The majority of studies recently focus on the branding mechanisms of luxury brands, as they have more levels where they can create a connection with customers. Just like the currently examined article (Liu et al., 2011), Hapsari (2014) mentions luxury brands as the primary benefactors of branding and aligning the brand’s personality with customers’ self-congruity. Focusing on the fashion industry, the study states that this particular segment of the market is determined by acquired needs or learned needs, instead of genuine ones. This type of differentiation between products and services can be beneficial for theorists and business professionals alike. This approach also assumes that the connection between the brand and the target customer is present on an emotional and psychological level. Further, the socialization impact of using a product or service should not be neglected, either. As Hapsari (2014, p. 29) confirms: “customers often use product brand to show who they are among the others”. This behavior can also be described as a motivation to buy or choose one product over another one. Reflecting back to the hierarchy of needs theory, it is evident that the need of self-actualization is fulfilled by fashion items, as well as luxury brands. The alignment with the brand’s personality (self-congruity) – according to the author’s research – has a positive impact on shopping motivation, as well as brand preference and loyalty. The motivation is explained in the article as follows: the customer who admires the given brand will be more likely to buy it, being motivated to enhance their self image. This, in turn, is the reason for a phenomenon called conspicuous consumption.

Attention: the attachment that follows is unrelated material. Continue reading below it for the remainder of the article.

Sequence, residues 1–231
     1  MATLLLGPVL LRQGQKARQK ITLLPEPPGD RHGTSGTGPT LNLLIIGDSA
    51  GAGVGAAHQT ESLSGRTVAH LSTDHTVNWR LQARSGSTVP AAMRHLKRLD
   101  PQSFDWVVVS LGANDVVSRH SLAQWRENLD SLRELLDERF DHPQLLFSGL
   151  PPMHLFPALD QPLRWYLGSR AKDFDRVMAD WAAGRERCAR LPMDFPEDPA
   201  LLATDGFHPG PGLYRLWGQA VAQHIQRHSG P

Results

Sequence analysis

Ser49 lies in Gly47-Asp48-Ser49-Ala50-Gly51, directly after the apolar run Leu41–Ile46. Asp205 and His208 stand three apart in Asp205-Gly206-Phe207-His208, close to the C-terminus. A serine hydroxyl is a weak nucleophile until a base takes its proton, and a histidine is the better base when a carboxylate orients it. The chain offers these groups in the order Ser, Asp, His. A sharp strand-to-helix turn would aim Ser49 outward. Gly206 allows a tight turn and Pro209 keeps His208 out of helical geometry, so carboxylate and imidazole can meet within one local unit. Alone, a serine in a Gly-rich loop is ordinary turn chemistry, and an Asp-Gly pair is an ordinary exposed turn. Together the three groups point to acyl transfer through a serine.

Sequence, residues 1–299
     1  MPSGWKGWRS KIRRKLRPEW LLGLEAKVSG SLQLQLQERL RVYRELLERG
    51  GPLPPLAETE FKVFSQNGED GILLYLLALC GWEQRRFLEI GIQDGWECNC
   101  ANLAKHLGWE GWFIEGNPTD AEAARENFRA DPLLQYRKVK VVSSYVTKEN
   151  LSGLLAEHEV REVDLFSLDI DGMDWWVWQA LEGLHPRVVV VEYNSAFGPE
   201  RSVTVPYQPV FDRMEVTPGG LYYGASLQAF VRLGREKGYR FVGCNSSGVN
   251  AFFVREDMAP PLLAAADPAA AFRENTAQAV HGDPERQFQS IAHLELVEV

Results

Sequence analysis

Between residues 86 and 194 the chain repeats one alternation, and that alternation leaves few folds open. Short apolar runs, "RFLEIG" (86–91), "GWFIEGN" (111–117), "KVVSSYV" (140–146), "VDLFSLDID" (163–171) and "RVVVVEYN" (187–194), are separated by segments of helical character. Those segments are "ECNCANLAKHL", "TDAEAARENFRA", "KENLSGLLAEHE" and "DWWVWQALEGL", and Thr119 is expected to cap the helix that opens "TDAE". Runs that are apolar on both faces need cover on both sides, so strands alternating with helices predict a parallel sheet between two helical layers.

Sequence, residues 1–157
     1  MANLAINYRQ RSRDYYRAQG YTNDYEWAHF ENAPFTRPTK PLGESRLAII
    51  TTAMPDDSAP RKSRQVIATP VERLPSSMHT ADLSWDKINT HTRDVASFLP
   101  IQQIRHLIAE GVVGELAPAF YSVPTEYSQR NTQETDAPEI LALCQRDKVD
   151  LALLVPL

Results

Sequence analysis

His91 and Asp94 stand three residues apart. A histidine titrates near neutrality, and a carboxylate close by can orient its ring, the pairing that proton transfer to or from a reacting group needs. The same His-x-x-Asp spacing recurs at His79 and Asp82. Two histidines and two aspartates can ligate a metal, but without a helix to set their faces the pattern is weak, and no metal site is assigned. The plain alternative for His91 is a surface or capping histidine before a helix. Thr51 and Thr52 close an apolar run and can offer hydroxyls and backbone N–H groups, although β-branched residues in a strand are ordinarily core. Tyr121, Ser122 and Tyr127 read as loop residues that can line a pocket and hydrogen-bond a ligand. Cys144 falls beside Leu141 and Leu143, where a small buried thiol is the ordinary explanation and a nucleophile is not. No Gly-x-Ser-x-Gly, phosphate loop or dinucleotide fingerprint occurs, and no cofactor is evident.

As recent research has confirmed, the quality of brand relationship has an impact on both brand loyalty, and consumption patterns. Hapsari (2014), however, goes further than examining the relationship as an interaction in one direction. One of the hypotheses represented by the research is that relationship quality can be influenced by self-congruity, just like a positive customer-brand relationship can influence the level of alignment between the customer’s self-image and the brand’s persona. The second hypothesis confirmed is that the higher the quality of brand relationship is the greater the customer’s loyalty is . This finding is extremely relevant to luxury and fashion brands for several reasons. First of all, the market of luxury products and services on a global scale is extremely saturated. When customers are looking for an evening dress online, they might see thousands of similar items, featuring the same colors, and almost the same material. What makes customers choose one dress over another? It is the brand name. The more positive the association of the customer with the given brand is the more likely they will be to choose it over others.